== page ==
The form is experimental, forcing readers to rethink ideas about the imagined differences between verse and prose. The collection is broken into four cantos, each canto contains thirteen prose poems (or verses), except for the third canto, which contains fifteen poems, and, in an explicit homage to Erasmus Darwin's 1791 publication, Botanic Garden, each canto ends with an editor's note of errata and omissions. However, these notes, omissions, and errata are themselves poems (or continuing verses depending on how you read them). Willis refers to these poems as "lyric interruptions" to the prose cantos. In a note on the text Willis explains:
The investigative energy and poetic ambition of his Botanic Garden (1791) suggested not so much a form as a sensibility with which to approach a period of political, intellectual, and biological transformation. Darwin's poems address everything from the sexual life of plants to the evils of slavery, the conquest of Mexico, Franklin's experiments with electricity, and the relation of poetry to painting. In their unwieldy asymmetries and their sudden leaps between botany, political and aesthetic history, and pastoral romance, this work of the late Enlightenment seemed an eerily apt model for riding out the inter-discursive noise of the early twenty-first century. Poetry, it says, can be at once an account of the physical world, a rethinking of the order of things, and a caprice. (77)And so it is. If this is Willis's contractual agreement with her reader, then her poems do exactly what they set out to do--these poems are "at once an account of the physical world, a rethinking of the order of things, and a caprice."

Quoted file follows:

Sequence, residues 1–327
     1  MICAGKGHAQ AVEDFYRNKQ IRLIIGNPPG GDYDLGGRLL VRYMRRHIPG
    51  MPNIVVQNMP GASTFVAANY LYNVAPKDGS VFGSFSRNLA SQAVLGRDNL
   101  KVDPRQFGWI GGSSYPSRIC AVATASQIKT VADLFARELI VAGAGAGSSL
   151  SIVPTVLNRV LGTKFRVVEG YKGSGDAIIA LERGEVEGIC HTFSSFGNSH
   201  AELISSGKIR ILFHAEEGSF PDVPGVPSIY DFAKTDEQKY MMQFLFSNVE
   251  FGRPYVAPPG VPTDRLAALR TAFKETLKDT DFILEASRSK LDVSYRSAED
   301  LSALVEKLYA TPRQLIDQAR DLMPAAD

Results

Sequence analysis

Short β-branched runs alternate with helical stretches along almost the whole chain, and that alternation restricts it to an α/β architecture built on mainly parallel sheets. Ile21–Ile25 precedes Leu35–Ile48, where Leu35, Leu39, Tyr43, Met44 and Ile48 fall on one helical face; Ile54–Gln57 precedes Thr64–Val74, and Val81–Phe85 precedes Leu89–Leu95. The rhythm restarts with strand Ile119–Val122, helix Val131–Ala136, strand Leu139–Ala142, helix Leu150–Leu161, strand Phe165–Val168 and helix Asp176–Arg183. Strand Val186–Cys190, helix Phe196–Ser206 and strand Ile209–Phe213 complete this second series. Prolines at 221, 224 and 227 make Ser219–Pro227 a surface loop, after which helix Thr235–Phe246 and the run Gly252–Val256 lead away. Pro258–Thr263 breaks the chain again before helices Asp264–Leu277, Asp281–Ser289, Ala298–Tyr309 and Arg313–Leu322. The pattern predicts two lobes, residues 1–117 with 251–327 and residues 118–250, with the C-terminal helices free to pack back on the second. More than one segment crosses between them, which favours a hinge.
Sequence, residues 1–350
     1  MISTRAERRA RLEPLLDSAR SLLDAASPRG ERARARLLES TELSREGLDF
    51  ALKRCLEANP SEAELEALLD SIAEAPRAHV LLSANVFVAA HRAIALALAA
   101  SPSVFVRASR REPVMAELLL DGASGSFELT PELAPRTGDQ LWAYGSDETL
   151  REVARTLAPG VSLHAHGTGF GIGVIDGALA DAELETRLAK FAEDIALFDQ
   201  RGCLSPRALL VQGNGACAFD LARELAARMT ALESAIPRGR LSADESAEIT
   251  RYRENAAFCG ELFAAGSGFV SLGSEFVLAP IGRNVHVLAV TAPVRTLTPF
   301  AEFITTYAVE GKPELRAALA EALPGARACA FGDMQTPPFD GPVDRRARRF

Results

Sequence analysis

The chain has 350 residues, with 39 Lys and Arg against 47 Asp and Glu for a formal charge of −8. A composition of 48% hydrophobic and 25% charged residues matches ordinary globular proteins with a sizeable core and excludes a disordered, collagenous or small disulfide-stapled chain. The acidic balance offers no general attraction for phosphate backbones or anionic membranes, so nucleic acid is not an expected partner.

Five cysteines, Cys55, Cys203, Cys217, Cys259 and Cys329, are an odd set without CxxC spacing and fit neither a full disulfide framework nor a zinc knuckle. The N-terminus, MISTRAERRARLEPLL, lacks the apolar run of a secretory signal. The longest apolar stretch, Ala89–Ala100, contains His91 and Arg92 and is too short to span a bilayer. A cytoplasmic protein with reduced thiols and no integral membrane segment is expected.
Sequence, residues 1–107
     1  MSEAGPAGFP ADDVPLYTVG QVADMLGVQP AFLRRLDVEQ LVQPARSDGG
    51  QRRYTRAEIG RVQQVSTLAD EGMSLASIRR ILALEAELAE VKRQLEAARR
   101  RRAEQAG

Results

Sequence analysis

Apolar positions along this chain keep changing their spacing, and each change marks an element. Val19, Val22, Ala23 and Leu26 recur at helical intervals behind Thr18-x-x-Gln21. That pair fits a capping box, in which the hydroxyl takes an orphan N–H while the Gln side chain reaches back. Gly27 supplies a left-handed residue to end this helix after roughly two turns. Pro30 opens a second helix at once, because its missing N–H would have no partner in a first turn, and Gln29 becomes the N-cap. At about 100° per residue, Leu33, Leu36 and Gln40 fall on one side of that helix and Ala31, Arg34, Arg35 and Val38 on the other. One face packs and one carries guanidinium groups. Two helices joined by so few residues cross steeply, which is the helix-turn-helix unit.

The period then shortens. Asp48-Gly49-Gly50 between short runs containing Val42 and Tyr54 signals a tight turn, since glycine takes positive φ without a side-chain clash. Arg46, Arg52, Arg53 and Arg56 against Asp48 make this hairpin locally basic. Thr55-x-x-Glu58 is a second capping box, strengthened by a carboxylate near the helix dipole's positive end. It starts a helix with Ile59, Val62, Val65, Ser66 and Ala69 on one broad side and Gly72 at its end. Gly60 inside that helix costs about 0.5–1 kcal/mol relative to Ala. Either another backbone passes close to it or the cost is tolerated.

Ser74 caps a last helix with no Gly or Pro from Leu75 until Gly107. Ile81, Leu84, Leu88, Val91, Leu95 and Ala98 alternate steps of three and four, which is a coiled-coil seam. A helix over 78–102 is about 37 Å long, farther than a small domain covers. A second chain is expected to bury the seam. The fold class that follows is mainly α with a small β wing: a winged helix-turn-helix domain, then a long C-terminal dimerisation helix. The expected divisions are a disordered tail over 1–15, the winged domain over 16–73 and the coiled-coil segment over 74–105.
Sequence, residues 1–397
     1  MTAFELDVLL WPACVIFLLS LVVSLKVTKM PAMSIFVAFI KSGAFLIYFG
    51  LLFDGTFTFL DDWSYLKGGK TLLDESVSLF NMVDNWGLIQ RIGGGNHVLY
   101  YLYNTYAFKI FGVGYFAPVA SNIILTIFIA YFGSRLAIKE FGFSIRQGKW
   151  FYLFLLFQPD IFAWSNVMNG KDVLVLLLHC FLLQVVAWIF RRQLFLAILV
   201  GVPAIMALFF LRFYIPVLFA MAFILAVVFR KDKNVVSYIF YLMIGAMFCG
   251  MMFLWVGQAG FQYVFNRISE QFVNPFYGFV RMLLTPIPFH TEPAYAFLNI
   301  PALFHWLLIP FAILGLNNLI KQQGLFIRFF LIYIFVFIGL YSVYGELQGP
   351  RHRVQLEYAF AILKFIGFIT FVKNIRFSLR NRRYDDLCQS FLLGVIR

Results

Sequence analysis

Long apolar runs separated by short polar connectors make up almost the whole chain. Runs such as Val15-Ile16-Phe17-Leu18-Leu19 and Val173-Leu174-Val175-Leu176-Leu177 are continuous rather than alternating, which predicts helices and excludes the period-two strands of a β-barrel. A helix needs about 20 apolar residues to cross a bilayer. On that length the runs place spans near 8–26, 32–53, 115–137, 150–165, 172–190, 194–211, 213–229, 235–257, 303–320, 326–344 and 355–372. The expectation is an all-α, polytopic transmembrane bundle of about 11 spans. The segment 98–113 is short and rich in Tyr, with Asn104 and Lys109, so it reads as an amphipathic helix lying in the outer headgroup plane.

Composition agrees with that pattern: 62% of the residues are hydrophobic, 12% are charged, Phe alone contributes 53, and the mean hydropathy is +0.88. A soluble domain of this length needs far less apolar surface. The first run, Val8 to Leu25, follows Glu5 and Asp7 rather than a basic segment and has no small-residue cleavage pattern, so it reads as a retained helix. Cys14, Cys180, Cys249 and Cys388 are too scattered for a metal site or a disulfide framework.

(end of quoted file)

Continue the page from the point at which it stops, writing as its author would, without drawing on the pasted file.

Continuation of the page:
I am in love with this collection, admittedly, but one of my favorites, possibly due to my enduring Yeats obsession, has to be
The past torches itself like a mummy, dear but misremembered.
What did you manage to remember of your day at the beach,
blood in the sand? We're close enough to touch the bull's horn
with a gasp. Of course I pity a boy among crows. A spectator
trawling for the roundest metaphor to counterweight the stabbing
air. What gives, or gave, to get us here, what wired fluorescence?
The treelike nerves to become all things. Turned in, reflected,